Sunbird, Glympse merge for earlier diagnosis of Alzheimer’s

Sunbird Bio

Biotech Sunbird Bio has announced its completed merger with Glympse Bio, which it is hoped will accelerate development of the companies’ protein-based diagnostic technologies, both of which have demonstrated potential for earlier and more accurate diagnosis of Alzheimer’s disease and other neurodegenerative disorders, as well as early-stage cancer potentially.

Alzheimer’s disease (AD) is notoriously difficult to diagnose and treat and has a devastating impact on patients and their families.

Now operating as Sunbird Bio, Inc., headquartered in Cambridge, Massachusetts in the US, and with operational headquarters in Singapore – the merged company’s lead indication for its APEX technology is Alzheimer’s, with a potential addressable market of around $10 billion per year.

Sunbird’s pipeline includes the first blood-based test in development that has shown accurate detection of low levels of aggregated amyloid beta (Aβ) proteins – a key indicator of AD. Current diagnostics have, in the main, been unsuccessful in detecting and analysing such nanoscale protein states; proteins, proximal to disease, are believed to provide a better reflection of biological activity than DNA or RNA.

John McDonough, executive chair and CEO of Sunbird Bio, said he was “excited about the synergies and opportunities created” by the merger. He continued:

“The APEX and Glympse platforms have the potential to dramatically improve standards of care for many diseases by overcoming the inaccessibility, invasiveness, and lack of reliability associated with current diagnostic approaches that limit their usefulness in drug development, disease detection, disease monitoring, and personalised treatment selection.”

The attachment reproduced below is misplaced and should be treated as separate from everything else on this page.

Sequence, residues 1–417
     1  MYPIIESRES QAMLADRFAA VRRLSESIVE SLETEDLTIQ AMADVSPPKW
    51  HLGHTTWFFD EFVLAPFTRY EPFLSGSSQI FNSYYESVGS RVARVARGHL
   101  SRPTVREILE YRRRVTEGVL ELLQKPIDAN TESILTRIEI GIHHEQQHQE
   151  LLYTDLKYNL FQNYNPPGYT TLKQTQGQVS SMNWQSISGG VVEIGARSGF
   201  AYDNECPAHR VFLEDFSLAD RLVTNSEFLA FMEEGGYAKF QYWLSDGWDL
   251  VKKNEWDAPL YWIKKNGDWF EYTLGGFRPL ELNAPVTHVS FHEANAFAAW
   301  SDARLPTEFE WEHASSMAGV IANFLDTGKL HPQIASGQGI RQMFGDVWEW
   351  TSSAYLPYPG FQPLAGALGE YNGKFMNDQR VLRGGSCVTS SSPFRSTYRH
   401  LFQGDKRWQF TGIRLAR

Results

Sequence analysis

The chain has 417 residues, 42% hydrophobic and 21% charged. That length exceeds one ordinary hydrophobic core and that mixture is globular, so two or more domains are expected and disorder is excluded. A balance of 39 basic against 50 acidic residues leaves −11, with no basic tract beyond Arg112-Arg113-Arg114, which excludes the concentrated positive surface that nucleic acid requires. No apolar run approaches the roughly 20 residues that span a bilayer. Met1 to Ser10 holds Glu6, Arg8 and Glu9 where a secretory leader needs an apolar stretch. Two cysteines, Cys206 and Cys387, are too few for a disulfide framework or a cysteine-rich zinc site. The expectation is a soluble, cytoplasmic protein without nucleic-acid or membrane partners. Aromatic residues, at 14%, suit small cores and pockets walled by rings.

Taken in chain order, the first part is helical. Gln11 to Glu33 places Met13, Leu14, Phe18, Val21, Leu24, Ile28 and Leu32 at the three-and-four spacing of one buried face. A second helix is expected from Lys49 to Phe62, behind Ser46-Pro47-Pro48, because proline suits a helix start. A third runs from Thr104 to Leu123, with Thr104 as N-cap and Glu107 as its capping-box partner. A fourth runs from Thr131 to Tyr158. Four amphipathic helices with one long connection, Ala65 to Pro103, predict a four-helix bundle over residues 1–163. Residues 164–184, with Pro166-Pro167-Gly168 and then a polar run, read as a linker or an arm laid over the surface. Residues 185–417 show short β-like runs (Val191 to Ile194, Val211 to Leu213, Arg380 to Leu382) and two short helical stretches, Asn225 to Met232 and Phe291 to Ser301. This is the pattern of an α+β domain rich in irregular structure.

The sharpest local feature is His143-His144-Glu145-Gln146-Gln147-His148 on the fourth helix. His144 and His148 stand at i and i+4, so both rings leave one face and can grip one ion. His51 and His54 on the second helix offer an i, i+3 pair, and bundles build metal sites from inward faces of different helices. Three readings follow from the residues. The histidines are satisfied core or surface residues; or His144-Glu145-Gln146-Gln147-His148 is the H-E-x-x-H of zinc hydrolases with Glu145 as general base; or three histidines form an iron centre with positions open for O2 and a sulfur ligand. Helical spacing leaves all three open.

The Glympse diagnostic platform has demonstrated measurement and analysis of protease activity in the blood, supporting early and accurate diagnosis of neurodegenerative disorders. Additionally, many cancers have altered protease activity from the earliest stages, and there is potential for insights from Glympse to accelerate and improve clinical trials by permitting precise patient enrolment, as well as shortened trial lengths.

Alexandra Cantley, a partner at venture capital firm Polaris Partners – which backs Sunbird Bio – commented: “The company’s diagnostic platforms could be highly complementary as technologies that detect, measure, and monitor disease, helping to fuel advances in Alzheimer’s disease, other neurological disorders, and early-stage cancer, with long-term potential in other therapeutic areas, as well.”

Financial details of the merger were not disclosed. Sunbird Bio is currently partnering with biopharma companies and researchers to bring to market their full suite of AD and other neurological diagnostic tests.

In other news in the Alzheimer’s field

Clinical-stage biotech Oligomerix, Inc., meanwhile, has published preclinical data on its novel small molecule therapeutic in development for Alzheimer’s disease and rare neurodegenerative diseases.

As published in the journal PLOS ONE, the results of the phase 1a clinical trial (PDF) showed that the oral tau oligomer small molecule inhibitor OLX-07010 prevented tau aggregation in mouse models for inherited taupathies, such as progressive supranuclear palsy (PSP) and frontotemporal dementia (FTD).

Since tau tangles and amyloid plaques are hallmarks of AD, it is thought treating both could be of more benefit to patients, as opposed to targeting a single pathology.

Compared to controls, oral treatment with OLX-07010 over four months showed significant prevention of the development of tau aggregates in mouse models in the blinded study conducted independently by Peter Davies, PhD, former director of the Litwin-Zucker Center for Alzheimer’s Disease & Memory Disorders at the Feinstein Institutes. The published research was supported in part by the National Institutes of Health’s (NIH) National Institute on Aging awards, R43AG029777, R44AG029777, and R44AG053150.

Earlier this year, Oligomerix had announced the first in-human dosing of OLX-07010, also.

William Erhardt, MD, president, and head of Oligometrix, commented: “While there has been significant progress in the efforts to develop effective treatments for Alzheimer’s disease, as demonstrated with the recent FDA full approval of Eisai and Biogen’s lecanemab and the potential for full approval of Lilly’s donanemab, there still remains a high unmet need for a therapeutic drug that is oral and self-administered, and that can treat patients in both developed and developing nations globally.”